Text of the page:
Lusine, a coach at the TUMO Box in Spitak, talks about the movie that is her life, the film strip of which rolls through agriculture, TUMO, the lessons she’s learned from TUMOians, photography, and film itself.
Lusine is a film director. Her favorite movie is Chungking Express, and her favorite director, Wim Wenders. She is sure that her current confident and daring characteristics is thanks to the world of film. “I applied to a few film festivals with my graduate film and received the award for Best Armenian Short Film at the One Shot Short Film Festival.”
Last year, Lusine participated in the Cinema Human Rights and Advocacy by the Global Campus of Human Rights and Picture People summer school in Venice. This coincided with the timing of the Venice Film Festival and Lusine is filled with a particular nostalgia about the films she watched then. “Some days I would watch 2-3 feature length films in one day. For a young filmmaker, taking part in a film-related phenomenon of that caliber is a dream.”
Agriculture is also a part of the movie of Lusine’s life. She loves to grow different plants and vegetables, like tomatoes and basil. “When you witness how a small seed grows and turns into food that later ends up on your plate, it’s quite a feeling.”
TUMO Before TUMO
Lusine learned about TUMO through students’ works she had seen online and could already imagine the kind of work they were doing behind the scenes. It was this curiosity that brought her to TUMO and didn’t allow the Vanadzor-Spitak-Vanadzor commute to hold her back. Lusine finds that for someone who wants to learn or work, external factors (e.g. transportation) are always overcomable.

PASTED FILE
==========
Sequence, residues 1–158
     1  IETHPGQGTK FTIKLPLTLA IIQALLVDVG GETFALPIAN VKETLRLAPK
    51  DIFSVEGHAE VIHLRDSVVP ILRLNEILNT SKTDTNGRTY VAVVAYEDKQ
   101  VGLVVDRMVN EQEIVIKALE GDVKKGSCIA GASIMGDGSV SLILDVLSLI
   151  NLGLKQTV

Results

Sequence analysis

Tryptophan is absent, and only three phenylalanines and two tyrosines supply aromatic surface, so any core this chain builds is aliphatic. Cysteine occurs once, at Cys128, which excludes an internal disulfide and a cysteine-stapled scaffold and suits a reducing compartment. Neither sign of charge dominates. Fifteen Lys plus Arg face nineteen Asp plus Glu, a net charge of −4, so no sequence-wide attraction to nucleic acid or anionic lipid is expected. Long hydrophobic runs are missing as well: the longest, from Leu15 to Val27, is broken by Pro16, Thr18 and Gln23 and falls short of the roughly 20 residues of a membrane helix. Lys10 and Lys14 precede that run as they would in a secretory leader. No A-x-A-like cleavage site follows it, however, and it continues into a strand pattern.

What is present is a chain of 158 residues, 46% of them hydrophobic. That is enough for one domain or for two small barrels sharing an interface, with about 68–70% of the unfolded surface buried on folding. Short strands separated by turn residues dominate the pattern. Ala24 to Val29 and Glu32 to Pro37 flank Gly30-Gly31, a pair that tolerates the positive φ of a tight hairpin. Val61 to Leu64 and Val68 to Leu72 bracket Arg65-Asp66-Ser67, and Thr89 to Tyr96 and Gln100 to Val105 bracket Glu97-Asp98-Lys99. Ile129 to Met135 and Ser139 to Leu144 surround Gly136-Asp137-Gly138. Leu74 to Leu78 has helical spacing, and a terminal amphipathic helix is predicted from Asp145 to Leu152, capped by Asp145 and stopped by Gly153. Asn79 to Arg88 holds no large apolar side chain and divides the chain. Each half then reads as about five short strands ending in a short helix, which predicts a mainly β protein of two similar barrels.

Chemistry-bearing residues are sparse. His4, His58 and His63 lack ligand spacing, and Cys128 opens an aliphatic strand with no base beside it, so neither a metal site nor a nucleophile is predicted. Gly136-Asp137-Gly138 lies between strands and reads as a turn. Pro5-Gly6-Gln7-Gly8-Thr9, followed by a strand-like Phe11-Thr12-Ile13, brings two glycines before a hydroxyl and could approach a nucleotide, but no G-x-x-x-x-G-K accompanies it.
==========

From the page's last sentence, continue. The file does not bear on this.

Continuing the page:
As a TUMO Coach
When working as a coach at TUMO Lusine feels like a TUMOian, because, like her students, she too discovered TUMO’s numerous learning areas and among them found things she never thought would interest her before. Lusine also appreciates the independence that learning at TUMO allows, because, as she notes “the skill to learn independently, is the most important that someone should have”. Education is a two-way transaction: Lusine teaches her students, and she’s learned from them how to be a good friend. “It’s my favorite moment, when I see how the students’ bond grows stronger over time and how their friendships grow.”
Sometimes, she runs into her students on the bus from Vanadzor to Spitak and this becomes yet another platform to develop her coach-student rapport. For example, with one of the students from the TUMO Box in Spitak, Karen, they captured an epic shot of the cloud of steam rising from a group of people who were drying up after getting soaked by the rain.
Lusine thinks that a coach’s biggest achievement is the student’s excitement and how, with small steps, they create something big; for example, when a student finishes their self-learning prerequisites and starts attending workshops at TUMO Gyumri.
“When I started working in Spitak, I decided to really explore the city, poke around, because I knew nothing about it. In the process, along the path of my photography, I discovered an abandoned area — a soviet camp by the name of “Fairytale”, which was a big discovery for me and unexpectedly beautiful.”
Two Facts No One Knows About Lusine
Lusine’s first job was in a touring theater, where I played a frog in a performance staged for preschool children.
Her favorite pastimes are photography and biking. She hopes to one day travel by bike through all the cities and villages of Armenia.
Lusine envisions how she’ll one day lead a Filmmaking Learning Lab at TUMO, in which TUMOians from other target areas will also take part. For example, students excelling in writing will work on the script, graphic design TUMOians will design the poster, the artists will draw the storyboard, the musicians will be the sound engineers, and so on.